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Ev'n till the morning, with unwearied care, 365 Sleepless I watch; for I have learn’d to bear."

Scornful they heard : Melantho, fair and young, (Melantho, from the loins of Dolius sprung, Who with the queen her years an infant led, With the soft fondness of a daughter bred,) 370 Chiefly derides : regardless of the cares Her queen endures, polluted joys she shares Nocturnal with Eurymachus; with eyes That speak disdain, the wanton thus replies:

“Oh! whither wanders thy distemper'd brain, 375 Thou bold intruder on a princely train ? Hence to the vagrants' rendezvous repair; Or shun in some black forge the midnight air. Proceeds this boldness from a turn of soul, Or flows licentious from the copious bowl? 380 Is it that vanquish'd Irus swells thy mind? A foe may meet thee of a braver kind, Who, shortening with a storm of blows thy stay, Shall send thee howling all in blood away!"

To whom with frowns : " Oh impudent in wrong! Thy lord shall curb that insolence

of tongue ; 386 Know, to Telemachus I tell the offence; The scourge, the scourge shall lash thee into sense.”

With conscious shame they hear the stern rebuke, Nor longer durst sustain the sovereign look. 390 Then to the servile task the monarch turns His royal hands : each torch refulgent burns With added day: meanwhile in useful mood, Absorbed in thought, on vengeance fix'd he stood. And now the martial maid, by deeper wrongs 395 To rouse Ulysses, points the suitors' tongues : Scornful of age, to taunt the virtuous man, Thoughtless and gay, Eurymachus began.

“ Hear me," he cries, “ confederates and friends; Some god, no doubt, this stranger kindly sends ; 400 The shining baldness of his head survey, It aids our torchlight, and reflects the ray."

Then to the king that levell’d haughty Troy: Say, if large hire can tempt thee to employ Those hands in work; to tend the rural trade, 405 To dress the walk, and form the imbowering shade ? So food and raiment constant will I give : But idly thus thy soul prefers to live, And starve by strolling, not by work to thrive." To whom incensed : “ Should we, oh prince, engage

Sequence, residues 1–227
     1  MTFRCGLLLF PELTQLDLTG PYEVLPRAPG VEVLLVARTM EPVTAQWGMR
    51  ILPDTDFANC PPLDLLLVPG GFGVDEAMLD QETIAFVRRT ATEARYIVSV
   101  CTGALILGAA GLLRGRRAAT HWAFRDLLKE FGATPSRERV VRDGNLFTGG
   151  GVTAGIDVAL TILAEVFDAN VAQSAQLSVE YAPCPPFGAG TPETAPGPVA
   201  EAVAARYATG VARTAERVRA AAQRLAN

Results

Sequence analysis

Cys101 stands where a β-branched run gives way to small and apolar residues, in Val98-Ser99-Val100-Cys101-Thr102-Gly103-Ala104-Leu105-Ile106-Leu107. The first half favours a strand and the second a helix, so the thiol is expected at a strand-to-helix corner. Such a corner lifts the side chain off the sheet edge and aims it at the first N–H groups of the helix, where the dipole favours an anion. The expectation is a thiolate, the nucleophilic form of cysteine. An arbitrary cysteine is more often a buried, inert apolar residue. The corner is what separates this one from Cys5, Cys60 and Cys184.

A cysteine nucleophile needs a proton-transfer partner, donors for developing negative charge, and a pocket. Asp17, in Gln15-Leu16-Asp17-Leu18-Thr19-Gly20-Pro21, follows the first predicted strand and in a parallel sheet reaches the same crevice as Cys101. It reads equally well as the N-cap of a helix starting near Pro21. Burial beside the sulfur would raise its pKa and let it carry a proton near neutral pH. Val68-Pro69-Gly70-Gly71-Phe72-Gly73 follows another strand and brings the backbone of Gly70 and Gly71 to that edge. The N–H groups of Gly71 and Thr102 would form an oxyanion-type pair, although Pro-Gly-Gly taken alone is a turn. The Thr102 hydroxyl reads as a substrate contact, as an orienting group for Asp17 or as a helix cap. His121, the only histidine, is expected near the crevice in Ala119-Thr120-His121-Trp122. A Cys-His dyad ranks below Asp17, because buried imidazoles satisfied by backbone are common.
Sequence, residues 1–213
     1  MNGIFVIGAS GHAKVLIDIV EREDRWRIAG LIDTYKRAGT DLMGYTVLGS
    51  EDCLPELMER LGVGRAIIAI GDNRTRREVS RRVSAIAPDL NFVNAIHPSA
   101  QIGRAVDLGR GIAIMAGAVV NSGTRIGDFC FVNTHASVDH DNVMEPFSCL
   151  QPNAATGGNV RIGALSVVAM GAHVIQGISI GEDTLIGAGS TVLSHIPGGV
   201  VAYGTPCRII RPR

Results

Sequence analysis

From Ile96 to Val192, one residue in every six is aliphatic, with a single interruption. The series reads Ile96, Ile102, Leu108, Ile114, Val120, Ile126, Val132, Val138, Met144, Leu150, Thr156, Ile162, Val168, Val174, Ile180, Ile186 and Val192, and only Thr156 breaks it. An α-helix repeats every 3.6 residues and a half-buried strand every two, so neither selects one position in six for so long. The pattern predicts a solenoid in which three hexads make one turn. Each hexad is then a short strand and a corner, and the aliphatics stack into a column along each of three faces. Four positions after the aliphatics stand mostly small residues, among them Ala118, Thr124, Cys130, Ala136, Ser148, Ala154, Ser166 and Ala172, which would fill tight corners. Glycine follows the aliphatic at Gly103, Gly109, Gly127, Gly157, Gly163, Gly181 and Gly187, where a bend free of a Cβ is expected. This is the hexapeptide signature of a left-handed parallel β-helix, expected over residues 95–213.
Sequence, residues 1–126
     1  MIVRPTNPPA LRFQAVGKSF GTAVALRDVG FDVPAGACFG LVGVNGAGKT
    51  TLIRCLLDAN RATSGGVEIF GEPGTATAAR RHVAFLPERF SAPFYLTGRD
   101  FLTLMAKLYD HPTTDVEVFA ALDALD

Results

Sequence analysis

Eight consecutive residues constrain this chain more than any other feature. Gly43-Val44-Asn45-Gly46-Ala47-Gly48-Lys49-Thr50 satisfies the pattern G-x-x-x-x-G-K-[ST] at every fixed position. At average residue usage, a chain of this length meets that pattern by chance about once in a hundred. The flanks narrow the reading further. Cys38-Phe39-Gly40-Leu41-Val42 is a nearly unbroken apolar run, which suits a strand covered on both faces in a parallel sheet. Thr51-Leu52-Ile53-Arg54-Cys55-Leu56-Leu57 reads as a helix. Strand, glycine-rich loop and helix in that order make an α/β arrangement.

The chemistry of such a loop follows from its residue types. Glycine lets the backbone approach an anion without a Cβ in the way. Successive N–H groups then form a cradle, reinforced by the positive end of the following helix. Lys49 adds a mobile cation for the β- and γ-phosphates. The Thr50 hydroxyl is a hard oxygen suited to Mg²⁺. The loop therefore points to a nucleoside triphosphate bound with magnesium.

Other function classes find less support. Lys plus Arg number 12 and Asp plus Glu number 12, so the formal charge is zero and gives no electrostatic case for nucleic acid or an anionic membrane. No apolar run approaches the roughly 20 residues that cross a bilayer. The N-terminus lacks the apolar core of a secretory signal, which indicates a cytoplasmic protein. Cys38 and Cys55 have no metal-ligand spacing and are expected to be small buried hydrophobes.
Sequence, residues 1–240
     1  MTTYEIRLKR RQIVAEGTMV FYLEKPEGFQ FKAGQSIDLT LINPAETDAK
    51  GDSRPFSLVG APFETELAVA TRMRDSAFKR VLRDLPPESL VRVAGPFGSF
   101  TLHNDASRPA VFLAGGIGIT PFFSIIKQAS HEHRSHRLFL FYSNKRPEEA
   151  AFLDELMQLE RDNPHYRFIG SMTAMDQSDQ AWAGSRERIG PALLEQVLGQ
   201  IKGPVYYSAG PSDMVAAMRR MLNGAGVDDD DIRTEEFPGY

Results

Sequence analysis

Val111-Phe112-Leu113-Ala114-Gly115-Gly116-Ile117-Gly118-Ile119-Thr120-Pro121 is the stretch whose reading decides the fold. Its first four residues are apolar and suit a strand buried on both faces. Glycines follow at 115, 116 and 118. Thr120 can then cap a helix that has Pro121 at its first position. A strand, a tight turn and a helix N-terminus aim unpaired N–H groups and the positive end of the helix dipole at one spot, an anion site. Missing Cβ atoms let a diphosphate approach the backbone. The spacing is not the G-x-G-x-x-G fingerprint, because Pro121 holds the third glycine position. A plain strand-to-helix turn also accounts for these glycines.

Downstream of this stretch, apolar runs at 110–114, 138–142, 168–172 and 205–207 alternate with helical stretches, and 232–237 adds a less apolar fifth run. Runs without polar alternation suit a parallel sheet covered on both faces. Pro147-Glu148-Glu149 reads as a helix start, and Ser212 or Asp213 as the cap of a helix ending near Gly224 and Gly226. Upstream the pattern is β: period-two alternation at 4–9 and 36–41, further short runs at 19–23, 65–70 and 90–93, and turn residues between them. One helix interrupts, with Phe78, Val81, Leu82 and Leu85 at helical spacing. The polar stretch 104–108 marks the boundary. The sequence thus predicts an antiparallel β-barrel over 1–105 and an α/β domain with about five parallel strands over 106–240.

410 In rival tasks beneath the burning rage Of summer suns; were both constrain'd to wield Foodless the scythe along the burden'd field; Or should we labour while the ploughshare wounds, With steers of equal strength, the allotted grounds; Beneath my labours, how thy wondering eyes 416 Might see the sable field at once arise ! Should Jove dire war unloose, with spear and shield, And nodding helm, I tread the ensanguined field, Fierce in the van: then wouldst thou, wouldst thousay

420 Misname me glutton, in that glorious day? No, thy ill-judging thoughts the brave disgrace; 'Tis thou injurious art, not I am base. Proud to seem brave among a coward train! But know, thou art not valorous, but vain. 425 Gods! should the stern Ulysses rise in might, These gates would seem too narrow for thy flight."

While yet he speaks, Eurymachus replies, With indignation flashing from his eyes:

“ Slave! I with justice might deserve the wrong, Should I not punish that opprobrious tongue.

Irreverent to the great, and uncontroll’d,
Art thou from wine, or innate folly, bold?
Perhaps, these outrages from Irus flow,
A worthless triumph o'er a worthless foe !" 435

He said, and with full force a footstool threw;
Whirl'd from his arm, with erring rage it flew:
Ulysses, cautious of the vengeful foe,
Stoops to the ground, and disappoints the blow,


Not so a youth who deals the goblet round, 440
Full on his shoulder it inflicts a wound:
Dash'd from his hand the sounding goblet flies,
He shrieks, he reels, he falls, and breathless lies.
Then wild uproar and clamour mount the sky,
Till mutual thus the peers indignant cry: 445

“Oh had this stranger sunk to realms beneath,
To the black realms of darkness and of death,
Ere yet he trod these shores ! to strife he draws
Peer against peer; and what the weighty cause ?
A vagabond ! for him the great destroy, 450
In vile ignoble jars, the feast of joy.”

To whom the stern Telemachus uprose :
“ Gods! what wild folly from the goblet flows!